• Jumping for your health - and to regulate

    Research and therapeutic responses looking into how the body has been impacted by trauma have been of interest to many in the trauma field, and one form of intervention we have recently been using in therapeutic residential care settings has shown promising impacts… Jumping on the trampoline.

  • Technique vs Practice

    We are commonly asked just how effective mindful practices can be in those moments when they are most needed. Highly emotional moments between adults and children are precisely the moments when parents/educators need to be mindful and to prevent ‘flipping their lid’.

  • Taking up the challenge: The collective endeavour of interpreting neuroscience and trauma

    For practitioners working to support vulnerable children, young people and their families, a task is allocated to our collective endeavours whenever new evidence surfaces that has the potential to deepen our understanding of children’s needs and their experience of relationships. We are required to make sense of it, evaluate its relevance and ultimately, if helpful, make it count in our practice.

  • 11 reasons why grieving in "stages" makes no sense

    Grief is not necessarily a ‘symptom’ signalling something is wrong. It is active, normal, healthy, and a necessary process for recovery of any felt loss. The experience of grief is natural to humans. However, think about the last time you saw someone grieving in your clinical practice. Did you wonder what stage they were up to in their grief?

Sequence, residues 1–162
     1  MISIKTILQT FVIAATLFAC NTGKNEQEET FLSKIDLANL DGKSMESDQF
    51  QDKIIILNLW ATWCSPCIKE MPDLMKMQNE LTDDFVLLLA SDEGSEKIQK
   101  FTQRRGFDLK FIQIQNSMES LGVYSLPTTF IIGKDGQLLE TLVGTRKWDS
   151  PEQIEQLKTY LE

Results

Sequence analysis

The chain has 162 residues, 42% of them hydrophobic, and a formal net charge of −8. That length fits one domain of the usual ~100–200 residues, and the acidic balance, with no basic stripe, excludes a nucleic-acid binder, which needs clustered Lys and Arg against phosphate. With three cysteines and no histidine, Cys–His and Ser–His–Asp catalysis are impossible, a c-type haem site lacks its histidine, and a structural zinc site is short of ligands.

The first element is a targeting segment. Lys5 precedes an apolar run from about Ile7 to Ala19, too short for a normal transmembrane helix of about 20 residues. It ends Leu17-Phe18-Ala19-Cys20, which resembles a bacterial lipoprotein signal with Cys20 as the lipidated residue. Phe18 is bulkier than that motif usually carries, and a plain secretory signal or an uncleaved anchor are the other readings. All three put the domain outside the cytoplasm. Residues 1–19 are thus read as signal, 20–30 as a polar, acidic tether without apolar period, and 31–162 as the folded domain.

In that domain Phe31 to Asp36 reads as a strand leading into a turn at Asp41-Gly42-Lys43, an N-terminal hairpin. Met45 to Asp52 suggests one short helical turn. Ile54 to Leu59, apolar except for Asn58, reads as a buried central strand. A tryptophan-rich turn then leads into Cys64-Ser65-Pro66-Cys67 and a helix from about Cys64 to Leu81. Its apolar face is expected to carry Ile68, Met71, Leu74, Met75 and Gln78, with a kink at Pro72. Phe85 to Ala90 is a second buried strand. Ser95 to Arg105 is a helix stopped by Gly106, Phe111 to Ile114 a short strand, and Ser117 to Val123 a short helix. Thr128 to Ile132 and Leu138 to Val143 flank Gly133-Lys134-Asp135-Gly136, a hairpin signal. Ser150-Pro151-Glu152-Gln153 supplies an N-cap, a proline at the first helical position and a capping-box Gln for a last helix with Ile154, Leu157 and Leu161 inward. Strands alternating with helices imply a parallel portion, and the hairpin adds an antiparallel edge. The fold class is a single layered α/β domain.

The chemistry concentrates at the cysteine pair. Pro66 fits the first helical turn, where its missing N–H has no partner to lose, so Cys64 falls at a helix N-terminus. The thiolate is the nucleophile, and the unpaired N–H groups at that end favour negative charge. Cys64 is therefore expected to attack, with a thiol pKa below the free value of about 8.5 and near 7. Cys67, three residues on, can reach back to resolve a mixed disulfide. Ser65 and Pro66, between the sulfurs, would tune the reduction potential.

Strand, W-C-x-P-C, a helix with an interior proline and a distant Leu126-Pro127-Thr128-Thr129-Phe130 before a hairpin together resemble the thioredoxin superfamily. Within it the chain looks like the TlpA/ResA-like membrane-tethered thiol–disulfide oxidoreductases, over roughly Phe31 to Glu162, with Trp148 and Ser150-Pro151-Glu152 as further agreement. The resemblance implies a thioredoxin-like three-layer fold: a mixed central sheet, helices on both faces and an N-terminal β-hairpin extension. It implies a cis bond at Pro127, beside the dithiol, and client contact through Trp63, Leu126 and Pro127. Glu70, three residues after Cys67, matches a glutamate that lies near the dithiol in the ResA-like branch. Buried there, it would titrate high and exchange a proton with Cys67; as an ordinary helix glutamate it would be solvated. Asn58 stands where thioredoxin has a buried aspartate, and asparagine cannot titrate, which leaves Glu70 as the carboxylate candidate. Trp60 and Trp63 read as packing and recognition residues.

• Back to School- Five survival tips for professionals embarking on vocational study.

    As I embark on a Graduate Certificate in Developmental Trauma, I prepare for a busy year of juggling a full time job, tending to my hectic family life with two little girls, a husband and a cat. Never mind my busy social life and love of travel… am I crazy? Two years ago, when I graduated from a Masters Degree in Social Work I swore - no more study for me! So how did I find myself eagerly awaiting a reading list for block 1?

  • What is love?

    The recent launch of ACF’s new logo and the narrative of love that accompanies it has prompted me to consider this concept of love in our work with traumatised children.  Having love as a value seems fundamental to everything we do in both our personal and professional lives. Yet, when we unpack what love means in the context of children who have experienced trauma, it is way more complex.
  • How do you find your way to your child's heart?

    The heart has become an important and central symbol in the Foundation’s new narrative. It represents the power of love to heal the pain that children carry with them when they have experienced the trauma of abuse and family violence. It has reminded me of how important a heart and its meaning can be in our therapeutic work with children, young people and their carers/families.